Friday, February 24, 2023

Let's Bust a Recap : Live Your Best Lie

Many moons ago when facebook was just a fledgling student networking site, I was attending a teeny tiny college where everybody knew everybody and we all gossiped—in person!—about everybody's business. One of my fellow coeds was Jessie Bell who is now Jessie Weaver, and exactly one month ago today, her debut novel was published. Live Your Best Lie is a young adult murder-mystery which will keep you guessing right up to the end. 

When Summer Cartwright, famous teen Instagram influencer, turns up dead at her own Halloween party, the suspect pool is immediately narrowed down to four of her so-called friends when a strange post shows up on her Instagram account shining the spotlight directly on them. As the story switches back and forth between their four different points of view, Instagram posts from Summer's page, and flashbacks to different interactions she shared with each of them, the reader is left wondering what dirt Summer had on all of them to give them motive to kill her. But they're not the only ones with reasons to want Summer dead. And when the four of them decide to work together to find more suspects to offer the police, tensions are high and the stakes even higher. 

First of all let me just say: I am a notoriously slow reader. But when I picked up Jessie's book late last Monday night, I could barely put it down until I finished it Wednesday morning. And while, yes, of course I wanted to know who the killer was, what really kept me turning the pages was finding out what secrets Summer was holding over the different people in her life. (And by the way, I did not figure out who the killer was before the actual reveal. And I was trying.)

Secondly, I'll comment on the genre. YA is not one I frequent very often, and this was my first YA murder-mystery. Never have I felt so completely ancient while simultaneously being profoundly grateful not to be growing up in our social media saturated world. When I was the age of the teens in this book, the extent of our internet savvy extended to dial-up, our new Juno email addresses, and chatting with strangers on AIM. Jessie managed to create teens in Live Your Best Lie that felt like real teenagers having real teenage reactions to being suspected of murder, and having those reactions under the very public pressure of social media scrutiny. The fraught, teenage hormones flying around were believable and it stressed me out. The influencer culture described in the book was spot-on and one of the reasons why I quit Instagram myself.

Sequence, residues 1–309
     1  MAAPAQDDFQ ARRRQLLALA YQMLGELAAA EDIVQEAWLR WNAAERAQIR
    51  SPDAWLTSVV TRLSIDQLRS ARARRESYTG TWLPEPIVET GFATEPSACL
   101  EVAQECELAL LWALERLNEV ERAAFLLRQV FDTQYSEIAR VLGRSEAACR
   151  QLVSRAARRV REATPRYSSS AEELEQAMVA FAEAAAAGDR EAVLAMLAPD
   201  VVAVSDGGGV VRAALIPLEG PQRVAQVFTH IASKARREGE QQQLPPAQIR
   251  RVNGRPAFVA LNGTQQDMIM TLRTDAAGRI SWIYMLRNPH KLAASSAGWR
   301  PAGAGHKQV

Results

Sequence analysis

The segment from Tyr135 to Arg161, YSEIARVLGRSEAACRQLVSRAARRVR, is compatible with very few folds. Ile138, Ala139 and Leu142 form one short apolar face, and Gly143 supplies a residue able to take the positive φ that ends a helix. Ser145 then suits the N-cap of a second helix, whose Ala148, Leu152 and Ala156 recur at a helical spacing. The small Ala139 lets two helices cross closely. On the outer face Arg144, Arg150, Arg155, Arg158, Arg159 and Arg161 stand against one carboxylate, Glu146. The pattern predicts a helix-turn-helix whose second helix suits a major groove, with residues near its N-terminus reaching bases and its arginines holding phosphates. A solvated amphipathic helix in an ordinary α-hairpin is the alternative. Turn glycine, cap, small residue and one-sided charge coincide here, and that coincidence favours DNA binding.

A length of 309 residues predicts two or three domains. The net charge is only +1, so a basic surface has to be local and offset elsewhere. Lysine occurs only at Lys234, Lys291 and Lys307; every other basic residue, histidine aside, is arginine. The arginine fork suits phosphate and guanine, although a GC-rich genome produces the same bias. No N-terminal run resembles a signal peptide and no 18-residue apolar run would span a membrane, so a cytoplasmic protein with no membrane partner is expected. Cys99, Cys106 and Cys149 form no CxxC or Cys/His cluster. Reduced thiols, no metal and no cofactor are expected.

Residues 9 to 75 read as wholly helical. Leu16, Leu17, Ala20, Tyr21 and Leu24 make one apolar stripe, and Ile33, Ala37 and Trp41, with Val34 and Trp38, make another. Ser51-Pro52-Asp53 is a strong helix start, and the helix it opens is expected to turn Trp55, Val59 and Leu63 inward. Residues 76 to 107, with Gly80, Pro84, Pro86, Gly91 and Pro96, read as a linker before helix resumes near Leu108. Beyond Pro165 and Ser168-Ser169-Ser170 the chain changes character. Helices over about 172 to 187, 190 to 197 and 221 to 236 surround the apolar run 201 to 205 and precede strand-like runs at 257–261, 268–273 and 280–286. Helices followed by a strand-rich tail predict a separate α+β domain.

Lastly, would I recommend Live Your Best Lie?

In a heartbeat.

I liked the diverse cast in this book—characters of different ethnicities and characters with disabilities. I was glad to see adults represented well—single moms, blended families, involved and uninvolved parents. The teens in this book weren't little adults running around with total autonomy, and that was refreshing. I appreciated that we weren't subjected to any sexual scenarios. While the book wasn't completely devoid of romance, we didn't have to read about teens sleeping around, even though you could infer the different experience levels of certain characters. 

But I do have a caveat.

While the language in the book was pretty mild and definitely realistic to the way teens talk, there was just enough of it to make me hesitate to recommend this book to actual teenagers. I definitely would have read and loved this book as a teen, and I don't think any teen reading it today would find anything shocking in its pages, no matter how sheltered he or she may be. But the auntie in me wouldn't be able to recommend this book to a teen without a short diatribe against the normalization and perpetuation of using rude language, particularly the casual misuse of God's name. 

Other than that though, this is one to get your hands on and Jessie Weaver is an author to watch. When my turn rolls around in book club, Live Your Best Lie may be the book I end up choosing. 

Wednesday, February 22, 2023

Let's Bust a Recap : Skating Shoes

Skating Shoes was on my 2022 book list, but was one of four books from that list I didn't get around to reading last year. I was intentionally saving it for the end of the year because ice skating evokes all things Christmas-y to me, but between getting sick—twice!—and watching the World Cup, I didn't manage to pick this one up. It ended up being the perfect February read though, and all my thanks to Amy for choosing a book off my 2023 list for book club.